973741 tn?1342342773

Is white coat syndrome real in hypertension?

I've read about it but am wondering what others think.  Is white coat syndrome a real thing?  Does going to the doctor and having your bp taken really elevate your bp?  
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Avatar universal
Yeah, it's real.  It's odd to me because getting bp tested is so easy but I guess it's measuring the high stress so many get when they go to the doctor.  It's a very common phobia.  I wonder what it is when going to the dentist?  It's not at all related to a chronic BP problem, and even with most people chronic high BP if not off the charts can be treated with changes in exercise, diet, and lifestyle.  But of course some don't respond to that and for them meds are necessary.  As with all meds and all docs, what we call allopathic medicine has a very quick trigger finger with medication, as that's what's taught in medical school by pharmaceutical company paid teachers and textbook writers.  So many doctors are paid in some way by the pharmaceutical industry when the FDA tried to ban anyone who did take money from pharma from review boards, they couldn't fill them as all the most respected "experts" were on the pharma dole in some way.  That's why drugs are so much more expensive in the US than any other country, as prices for drugs are regulated everywhere else.  Be careful out there, always listen to your doc but as they say, trust but verify.
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Avatar universal
It's very real.

My resting heart rate is 72-78 beats per minute.
Last Dr's office visit when they checked the blood pressure it was elevated and my heart rate was 102 BPM.
At home my heart rate only increases slightly when checking blood pressure and the Blood pressure is much lower.
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I tried really hard to believe I had white coat syndrom.  Truth is, I was borderline. I think that white coat syndrome can happen to some extent but it is a bit overstated.  If the readings are of a certain level consistently in the doctor's office, there is a chance you are hypertensive.  It's smart to check your bp at home.  I"m glad your bp is within normal there.  But if you keep seeing blips of increase, talk to your doctor.  I kind of regret not doing something sooner.  Elevated bp for a long time can do damage to so many parts of our body.  Boo. I'm hoping I didn't do that.  I started bp medication a little over a week ago.  
https://www.pennmedicine.org/news/news-releases/2019/june/people-untreated-white-coat-hypertension-twice-likely-die-heart-disease  People with 'white coat syndrome' TWICE as likely to die from heart disease.  And https://jamanetwork.com/journals/jamainternalmedicine/fullarticle/486636   A precurser to hypertension.  I would talk to your doctor about white coat syndrome.  It's in your best interest.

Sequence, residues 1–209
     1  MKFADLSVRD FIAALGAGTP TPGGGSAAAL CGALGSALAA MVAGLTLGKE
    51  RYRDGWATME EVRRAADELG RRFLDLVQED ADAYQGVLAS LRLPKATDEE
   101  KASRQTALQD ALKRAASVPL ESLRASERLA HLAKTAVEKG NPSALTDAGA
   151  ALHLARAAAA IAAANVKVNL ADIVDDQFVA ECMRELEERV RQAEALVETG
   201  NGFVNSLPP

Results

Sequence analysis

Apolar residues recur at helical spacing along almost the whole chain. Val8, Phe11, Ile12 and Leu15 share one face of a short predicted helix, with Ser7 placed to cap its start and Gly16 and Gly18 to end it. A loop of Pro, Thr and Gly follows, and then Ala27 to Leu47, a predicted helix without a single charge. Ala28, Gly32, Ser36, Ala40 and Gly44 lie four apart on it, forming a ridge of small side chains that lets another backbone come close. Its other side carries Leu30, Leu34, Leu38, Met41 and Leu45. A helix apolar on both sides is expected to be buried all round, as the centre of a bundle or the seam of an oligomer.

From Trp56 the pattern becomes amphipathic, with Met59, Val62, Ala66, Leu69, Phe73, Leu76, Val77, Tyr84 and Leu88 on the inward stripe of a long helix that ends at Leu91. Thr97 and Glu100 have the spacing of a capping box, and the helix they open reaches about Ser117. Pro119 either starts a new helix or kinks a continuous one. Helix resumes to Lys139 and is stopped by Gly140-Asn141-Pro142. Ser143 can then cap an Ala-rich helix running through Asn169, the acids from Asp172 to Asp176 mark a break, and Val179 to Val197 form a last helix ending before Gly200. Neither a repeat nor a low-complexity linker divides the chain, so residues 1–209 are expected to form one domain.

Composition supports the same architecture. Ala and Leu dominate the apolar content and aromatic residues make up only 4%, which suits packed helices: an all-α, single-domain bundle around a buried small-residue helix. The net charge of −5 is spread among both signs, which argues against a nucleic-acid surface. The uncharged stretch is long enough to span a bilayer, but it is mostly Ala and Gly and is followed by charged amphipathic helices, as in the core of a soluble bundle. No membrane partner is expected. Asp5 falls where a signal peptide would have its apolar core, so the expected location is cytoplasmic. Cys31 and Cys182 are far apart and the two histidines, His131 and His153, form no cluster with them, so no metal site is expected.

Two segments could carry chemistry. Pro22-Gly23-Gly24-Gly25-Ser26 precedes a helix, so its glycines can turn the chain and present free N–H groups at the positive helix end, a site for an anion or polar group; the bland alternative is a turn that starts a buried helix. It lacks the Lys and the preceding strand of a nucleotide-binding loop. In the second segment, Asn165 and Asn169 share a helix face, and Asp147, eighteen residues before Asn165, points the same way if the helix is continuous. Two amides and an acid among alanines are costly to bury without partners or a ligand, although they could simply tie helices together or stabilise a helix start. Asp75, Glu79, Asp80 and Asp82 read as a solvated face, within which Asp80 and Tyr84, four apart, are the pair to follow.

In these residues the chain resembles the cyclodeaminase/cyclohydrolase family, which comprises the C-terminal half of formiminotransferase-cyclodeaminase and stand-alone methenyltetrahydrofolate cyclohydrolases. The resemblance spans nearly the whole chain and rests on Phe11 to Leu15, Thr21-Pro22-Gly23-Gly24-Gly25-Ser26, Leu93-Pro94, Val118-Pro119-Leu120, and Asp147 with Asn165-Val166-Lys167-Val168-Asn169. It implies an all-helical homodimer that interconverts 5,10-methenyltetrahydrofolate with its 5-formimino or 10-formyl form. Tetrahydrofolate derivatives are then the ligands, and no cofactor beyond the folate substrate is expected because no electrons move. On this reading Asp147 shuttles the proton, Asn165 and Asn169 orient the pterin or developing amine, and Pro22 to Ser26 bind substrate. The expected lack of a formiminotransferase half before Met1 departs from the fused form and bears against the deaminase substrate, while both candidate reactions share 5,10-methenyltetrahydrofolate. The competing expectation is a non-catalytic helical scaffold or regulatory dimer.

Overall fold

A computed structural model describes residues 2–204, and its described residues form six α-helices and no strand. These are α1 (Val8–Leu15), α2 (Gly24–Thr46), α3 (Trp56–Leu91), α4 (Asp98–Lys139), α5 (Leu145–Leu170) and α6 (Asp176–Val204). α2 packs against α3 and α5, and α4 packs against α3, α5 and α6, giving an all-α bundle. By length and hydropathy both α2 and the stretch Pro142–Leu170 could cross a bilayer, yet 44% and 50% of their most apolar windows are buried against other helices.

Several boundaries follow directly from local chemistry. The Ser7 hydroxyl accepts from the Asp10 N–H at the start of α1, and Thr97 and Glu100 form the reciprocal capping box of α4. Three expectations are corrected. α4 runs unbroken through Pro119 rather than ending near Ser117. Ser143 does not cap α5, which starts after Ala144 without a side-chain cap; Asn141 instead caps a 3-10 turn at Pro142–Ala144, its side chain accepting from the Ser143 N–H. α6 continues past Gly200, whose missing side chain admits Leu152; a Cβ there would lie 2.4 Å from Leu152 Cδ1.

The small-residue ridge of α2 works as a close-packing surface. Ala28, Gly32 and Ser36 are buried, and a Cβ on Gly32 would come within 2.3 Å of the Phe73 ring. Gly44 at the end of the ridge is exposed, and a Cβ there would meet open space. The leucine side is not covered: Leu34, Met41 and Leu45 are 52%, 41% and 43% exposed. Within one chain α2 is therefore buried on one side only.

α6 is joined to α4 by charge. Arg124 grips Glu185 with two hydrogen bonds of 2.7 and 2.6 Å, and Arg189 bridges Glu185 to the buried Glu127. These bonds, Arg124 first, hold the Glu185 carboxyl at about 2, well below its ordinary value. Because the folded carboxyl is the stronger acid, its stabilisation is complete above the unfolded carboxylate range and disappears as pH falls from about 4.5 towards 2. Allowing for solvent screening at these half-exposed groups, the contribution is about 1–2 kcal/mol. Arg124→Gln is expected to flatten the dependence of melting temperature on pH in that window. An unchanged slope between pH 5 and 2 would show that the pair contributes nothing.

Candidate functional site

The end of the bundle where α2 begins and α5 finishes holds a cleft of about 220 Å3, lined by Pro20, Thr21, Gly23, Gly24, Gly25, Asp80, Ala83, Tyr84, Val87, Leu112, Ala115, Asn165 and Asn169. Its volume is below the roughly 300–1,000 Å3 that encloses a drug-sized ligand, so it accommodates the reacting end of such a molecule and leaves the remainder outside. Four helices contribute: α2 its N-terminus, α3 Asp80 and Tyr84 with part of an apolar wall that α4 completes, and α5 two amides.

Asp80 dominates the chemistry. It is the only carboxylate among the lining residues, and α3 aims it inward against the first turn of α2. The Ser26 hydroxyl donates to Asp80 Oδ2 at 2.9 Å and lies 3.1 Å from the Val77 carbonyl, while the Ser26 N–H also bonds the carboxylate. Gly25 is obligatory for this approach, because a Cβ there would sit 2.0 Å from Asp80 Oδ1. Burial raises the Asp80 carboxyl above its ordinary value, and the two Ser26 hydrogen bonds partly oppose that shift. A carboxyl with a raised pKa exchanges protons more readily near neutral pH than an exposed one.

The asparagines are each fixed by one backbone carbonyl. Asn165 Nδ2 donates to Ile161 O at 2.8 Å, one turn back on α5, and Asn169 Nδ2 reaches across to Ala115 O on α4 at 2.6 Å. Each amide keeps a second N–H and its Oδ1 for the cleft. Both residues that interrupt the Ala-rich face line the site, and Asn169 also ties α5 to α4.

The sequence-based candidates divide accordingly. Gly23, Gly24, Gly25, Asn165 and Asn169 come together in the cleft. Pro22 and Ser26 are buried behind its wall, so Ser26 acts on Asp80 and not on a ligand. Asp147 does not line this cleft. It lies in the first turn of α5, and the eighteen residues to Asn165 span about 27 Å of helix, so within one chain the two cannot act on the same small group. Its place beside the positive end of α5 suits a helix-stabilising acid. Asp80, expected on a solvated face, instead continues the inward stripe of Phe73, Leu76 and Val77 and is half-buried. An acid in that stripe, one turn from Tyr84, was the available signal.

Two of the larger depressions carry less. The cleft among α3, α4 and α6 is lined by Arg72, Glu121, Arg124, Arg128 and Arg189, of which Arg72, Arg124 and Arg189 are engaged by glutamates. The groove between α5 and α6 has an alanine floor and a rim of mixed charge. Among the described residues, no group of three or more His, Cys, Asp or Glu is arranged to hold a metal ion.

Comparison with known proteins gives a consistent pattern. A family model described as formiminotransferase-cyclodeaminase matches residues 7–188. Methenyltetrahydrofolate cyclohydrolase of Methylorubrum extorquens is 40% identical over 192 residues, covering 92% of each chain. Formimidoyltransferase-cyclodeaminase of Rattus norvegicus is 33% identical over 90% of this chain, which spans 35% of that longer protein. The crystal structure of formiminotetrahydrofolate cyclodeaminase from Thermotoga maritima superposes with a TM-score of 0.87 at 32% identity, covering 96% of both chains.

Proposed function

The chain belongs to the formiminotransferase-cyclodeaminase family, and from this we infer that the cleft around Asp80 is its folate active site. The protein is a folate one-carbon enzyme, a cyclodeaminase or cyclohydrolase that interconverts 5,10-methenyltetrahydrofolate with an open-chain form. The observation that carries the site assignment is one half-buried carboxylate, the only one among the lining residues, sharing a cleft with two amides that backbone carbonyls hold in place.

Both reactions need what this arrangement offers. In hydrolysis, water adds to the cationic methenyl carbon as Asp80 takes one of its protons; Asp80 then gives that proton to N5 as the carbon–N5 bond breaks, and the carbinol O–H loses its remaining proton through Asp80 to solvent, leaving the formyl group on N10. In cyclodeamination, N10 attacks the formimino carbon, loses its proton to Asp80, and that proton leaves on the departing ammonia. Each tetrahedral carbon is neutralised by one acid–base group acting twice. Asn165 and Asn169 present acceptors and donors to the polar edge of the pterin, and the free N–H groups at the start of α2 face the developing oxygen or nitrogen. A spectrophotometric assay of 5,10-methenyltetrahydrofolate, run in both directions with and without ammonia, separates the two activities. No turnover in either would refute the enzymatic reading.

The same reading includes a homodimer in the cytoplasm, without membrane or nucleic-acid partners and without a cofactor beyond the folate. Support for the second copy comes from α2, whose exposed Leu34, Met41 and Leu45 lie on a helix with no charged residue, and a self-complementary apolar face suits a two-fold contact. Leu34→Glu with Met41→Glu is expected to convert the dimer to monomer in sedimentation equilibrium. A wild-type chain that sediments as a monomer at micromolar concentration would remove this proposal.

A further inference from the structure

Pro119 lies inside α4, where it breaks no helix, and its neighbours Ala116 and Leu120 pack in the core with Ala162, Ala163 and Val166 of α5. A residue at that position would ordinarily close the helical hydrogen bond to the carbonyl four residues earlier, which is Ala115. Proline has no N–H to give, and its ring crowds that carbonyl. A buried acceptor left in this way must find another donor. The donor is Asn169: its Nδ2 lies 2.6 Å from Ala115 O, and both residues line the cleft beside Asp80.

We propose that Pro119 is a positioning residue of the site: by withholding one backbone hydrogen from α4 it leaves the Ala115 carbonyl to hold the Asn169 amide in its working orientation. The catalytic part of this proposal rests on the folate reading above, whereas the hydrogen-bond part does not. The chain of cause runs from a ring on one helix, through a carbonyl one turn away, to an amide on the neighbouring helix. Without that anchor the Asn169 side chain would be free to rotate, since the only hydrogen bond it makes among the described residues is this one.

This was one badly done study, Mom.  It's not a thing most likely.  Chronically high BP is a problem.  One time not a problem.  Everyone's had high BP at times, if that's a problem we're all doomed anyway and medication for BP isn't benign.  Best to not worry, that's the best thing for preventing BP.  Now, you apparently have a genetic predisposition, which doesn't mean you'll get it, just that you have a higher probability.  Also doesn't mean you can't fix it by changing some things, but it might.  But if a person only gets it during a doc's visit, hard to see how that can possibly translate to a chronic condition.  
Just to more fully explain, this study is a meta study, not a clinical study.  They reviewed a bunch of small studies, most of which proved nothing as most studies do prove nothing, and found these results, but it should be noted, almost everyone dies from heart disease so it's hard to see how any group is twice as likely to do so.  My Dad got pneumonia and emphysema from smoking, but he died from heart disease.  He died of a heart attack.  Did smoking kill him?  Yeah.  But is that how we measure death?  No, we measure by the heart stopping beating.  That makes it very difficult to tell what really was the long-term cause of death vs. the immediate cause, which is almost always getting to where the heart stops beating.  My wife's Mom died early this year in her 80s when she went to sleep and never woke up.  She did have a heart problem, but survived that.  She died of heart disease, because the reason she never woke up is her heart stopped beating.  We all want to go that way, while sleeping.  It's how my dog died.  But in both cases, they really died of term limits, meaning that's the length of time their bodies were born to survive for and they died of having lived, to paraphrase Willa Cather.  In the records it goes down as death from heart disease, though.  And the recommendation of the authors of the study is to follow people with a monitor for 24 hours, which I think is probably not enough time, but it's basically saying it's not a diagnosis made by the office visit but by following the person to see if they actually have chronic hypertension, not just during the office visit.  Meaning, docs assume it's just at the office and maybe it's not.  That would make it unrelated to white coat syndrome and make it attributable to chronic high BP.  Peace, all.  
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